By Adam Berkin
What's the best
way to approach the theme of families for upper-grade and middle school
students? Instructor talked with fifth-grade teacher Sandy Kaser
of Tucson, Arizona, about a family studies unit she developed to encourage
her students to explore different ethnic groups and types of families.
Sandy has a diverse group of students in her classroom, including Native
Americans, Hispanics, African Americans and Caucasians, but she's had
mixed reactions from them on past multicultural units. Sandy started
talking with her colleagues about a family studies unit that would draw
students in. The following activities were the result of her search.
Sandy said this unit, which was also spotlighted in If This Is Social
Studies, Why Isn't It Boring (Stenhouse, 1994), was one of the most
successful in her 17 years of teaching.
Start with Reading
Sandy loves using literature in the classroom, so for her family studies
unit she assembles a variety of resources into "text sets" focusing
on family sub-themes such as fathers and mothers, sisters and brothers,
grandparents, family stories, and family issues (including foster families
and families with people with disabilities). Sandy stores the materials
for each theme including quick-to-read picture books, Articles,
and poetry, as well as longer fiction and nonfiction, in a separate
plastic bin. To introduce the sets, Sandy schedules 45 minutes for small
groups to browse through each set and choose one to read more thoroughly.
During the next two weeks, each group pores through its bin, reading,
discussing, and recording responses in logs before selecting several
subjects to research in depth. In the end, Sandy has each group present
two of the issues they discussed. Each year, Sandy is amazed at how
the text sets inspire students to share their own family stories.
Raise the Comfort Level
Kids can feel uneasy when discussing personal issues such as family
backgrounds and cultural identities. To help them feel more comfortable,
Sandy has the following suggestions.
- Be willing to
share about your own experiences. Sandy makes a point about telling
students about her own family history, including the fact that she
- Use literature
to introduce sensitive issues. Sandy found that discussions on racism
developed when she read Angel Child, Dragon Child by Michele
Maria Surat, which is about a Vietnamese girl who starts attending
an American school, and that issues of homelessness came up naturally
when she read Eve Bunting's Fly Away Home, which describes
a father and son who live in an airport.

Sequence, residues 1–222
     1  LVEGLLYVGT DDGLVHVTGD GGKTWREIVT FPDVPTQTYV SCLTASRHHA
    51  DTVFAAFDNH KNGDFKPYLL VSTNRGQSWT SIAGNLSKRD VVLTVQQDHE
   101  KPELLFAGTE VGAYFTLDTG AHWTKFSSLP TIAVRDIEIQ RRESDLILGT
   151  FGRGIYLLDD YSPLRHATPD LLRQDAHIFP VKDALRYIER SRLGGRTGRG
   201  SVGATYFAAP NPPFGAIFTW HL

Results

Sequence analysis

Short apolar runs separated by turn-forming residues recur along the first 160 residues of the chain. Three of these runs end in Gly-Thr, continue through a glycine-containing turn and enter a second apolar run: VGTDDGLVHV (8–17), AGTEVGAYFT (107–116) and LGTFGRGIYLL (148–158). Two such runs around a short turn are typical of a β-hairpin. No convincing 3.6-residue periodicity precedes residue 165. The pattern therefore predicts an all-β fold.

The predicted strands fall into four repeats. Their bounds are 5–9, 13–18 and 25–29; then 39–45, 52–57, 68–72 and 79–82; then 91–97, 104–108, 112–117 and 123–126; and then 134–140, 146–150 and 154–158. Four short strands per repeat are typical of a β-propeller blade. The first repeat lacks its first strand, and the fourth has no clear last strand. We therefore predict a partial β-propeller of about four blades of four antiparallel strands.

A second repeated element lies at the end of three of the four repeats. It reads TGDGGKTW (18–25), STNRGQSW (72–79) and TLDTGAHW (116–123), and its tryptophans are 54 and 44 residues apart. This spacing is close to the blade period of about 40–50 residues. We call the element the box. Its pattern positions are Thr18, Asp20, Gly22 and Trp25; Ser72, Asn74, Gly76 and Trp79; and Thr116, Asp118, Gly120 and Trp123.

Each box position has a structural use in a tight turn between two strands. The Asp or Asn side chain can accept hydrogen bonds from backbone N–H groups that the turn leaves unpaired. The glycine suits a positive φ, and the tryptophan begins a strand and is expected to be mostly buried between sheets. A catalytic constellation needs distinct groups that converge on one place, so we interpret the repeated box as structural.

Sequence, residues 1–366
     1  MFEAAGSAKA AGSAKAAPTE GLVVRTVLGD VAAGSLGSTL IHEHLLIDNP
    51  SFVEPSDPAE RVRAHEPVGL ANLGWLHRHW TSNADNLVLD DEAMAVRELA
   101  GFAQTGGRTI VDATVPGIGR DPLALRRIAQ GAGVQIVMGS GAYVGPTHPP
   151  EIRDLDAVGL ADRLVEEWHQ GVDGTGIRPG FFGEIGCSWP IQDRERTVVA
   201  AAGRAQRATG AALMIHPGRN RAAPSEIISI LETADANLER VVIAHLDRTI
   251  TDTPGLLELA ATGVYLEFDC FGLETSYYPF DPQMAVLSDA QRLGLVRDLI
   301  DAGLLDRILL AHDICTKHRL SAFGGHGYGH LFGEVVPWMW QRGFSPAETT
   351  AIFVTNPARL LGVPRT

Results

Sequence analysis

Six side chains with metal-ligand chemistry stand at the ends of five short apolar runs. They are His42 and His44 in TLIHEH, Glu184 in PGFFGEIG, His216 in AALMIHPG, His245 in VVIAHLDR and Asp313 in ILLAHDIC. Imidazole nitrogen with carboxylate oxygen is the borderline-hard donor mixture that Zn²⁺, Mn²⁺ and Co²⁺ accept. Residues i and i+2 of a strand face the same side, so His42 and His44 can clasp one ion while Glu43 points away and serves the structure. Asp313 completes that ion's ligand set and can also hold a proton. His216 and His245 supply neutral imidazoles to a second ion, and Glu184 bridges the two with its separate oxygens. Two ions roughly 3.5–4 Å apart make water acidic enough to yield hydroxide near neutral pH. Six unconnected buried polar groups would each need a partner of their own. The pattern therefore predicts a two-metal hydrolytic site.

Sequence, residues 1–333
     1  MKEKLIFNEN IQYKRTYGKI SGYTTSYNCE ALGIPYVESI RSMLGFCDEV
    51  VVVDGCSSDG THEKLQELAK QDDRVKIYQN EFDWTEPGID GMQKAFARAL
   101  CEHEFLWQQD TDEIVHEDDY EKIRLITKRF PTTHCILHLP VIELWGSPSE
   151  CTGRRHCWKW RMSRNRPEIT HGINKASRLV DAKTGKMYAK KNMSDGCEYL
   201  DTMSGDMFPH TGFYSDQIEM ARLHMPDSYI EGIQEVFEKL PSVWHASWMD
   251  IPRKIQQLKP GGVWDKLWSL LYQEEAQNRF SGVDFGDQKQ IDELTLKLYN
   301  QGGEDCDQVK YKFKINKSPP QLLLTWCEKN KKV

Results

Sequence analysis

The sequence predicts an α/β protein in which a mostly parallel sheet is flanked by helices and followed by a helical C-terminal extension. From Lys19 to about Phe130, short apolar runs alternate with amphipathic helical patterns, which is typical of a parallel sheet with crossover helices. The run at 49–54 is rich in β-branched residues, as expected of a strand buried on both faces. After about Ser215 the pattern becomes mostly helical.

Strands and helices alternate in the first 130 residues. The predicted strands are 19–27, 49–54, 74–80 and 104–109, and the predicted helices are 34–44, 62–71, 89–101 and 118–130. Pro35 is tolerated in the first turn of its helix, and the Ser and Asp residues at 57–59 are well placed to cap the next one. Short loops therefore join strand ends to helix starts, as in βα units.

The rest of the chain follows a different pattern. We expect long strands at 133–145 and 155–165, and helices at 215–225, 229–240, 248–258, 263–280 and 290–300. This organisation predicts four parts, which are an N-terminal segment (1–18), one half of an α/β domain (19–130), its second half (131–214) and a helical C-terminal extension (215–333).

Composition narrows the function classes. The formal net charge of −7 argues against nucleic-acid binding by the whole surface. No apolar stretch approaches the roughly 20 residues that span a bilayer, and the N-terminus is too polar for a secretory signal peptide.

Get to Know Each Other
Sandy has students interview each other to gather information and to
practice interview skills for future activities. Before they start asking
questions, Sandy asks her students to check out interviews on television
and in magazines. Students then brainstorm what they want to know about
each other. They publish their completed interviews in a classroom newspaper.
Where's My Name From?
Each year, Sandy asks her students to find out how they got their names.
(You can use the What's in a Name? reproducible
for this activity.) "Fabian was surprised to find out he was named after
a famous singer," she says. Not only do students like solving their
name mystery, but the activity encourages them and their parents to
talk about other memories.
I Remember When...
Sandy has her students collect family memory stories by asking their
parents to relate a memory such as "I remember when you were born,"
or "I remember when you broke your foot." Students record these stories
in writing for their classmates; later, Sandy collects the stories for
a book. To help students tell their stories orally, Sandy invites a
storyteller to class to share drama, music, and movement techniques.
Her class also creates a "story rope": students tie objects reflecting
memories onto a rope and then tell the stories behind the objects.
Time Line of My Family
Sandy has her students explore their own lives and the lives of their
families through time lines. The students first do a time line of their
life from birth to their current grade. They record such events as learning
to read, learning to ride a bike, losing a first tooth, and starting
school. But this is merely a warm-up for a 100-year time line of their
family's history. Since most students can't immediately recite a century
of family history, this project prompts family research and lots of
reminiscences and discussions about cultural heritage. Events students
record on their time lines include immigration dates, moves across town
and across the country, work history, marriages and divorces, and births
and deaths. In addition to recording these events on their time lines,
students post objects such as photos, postcards, and souvenirs. Sandy
invites students to include as many events as they want, but they have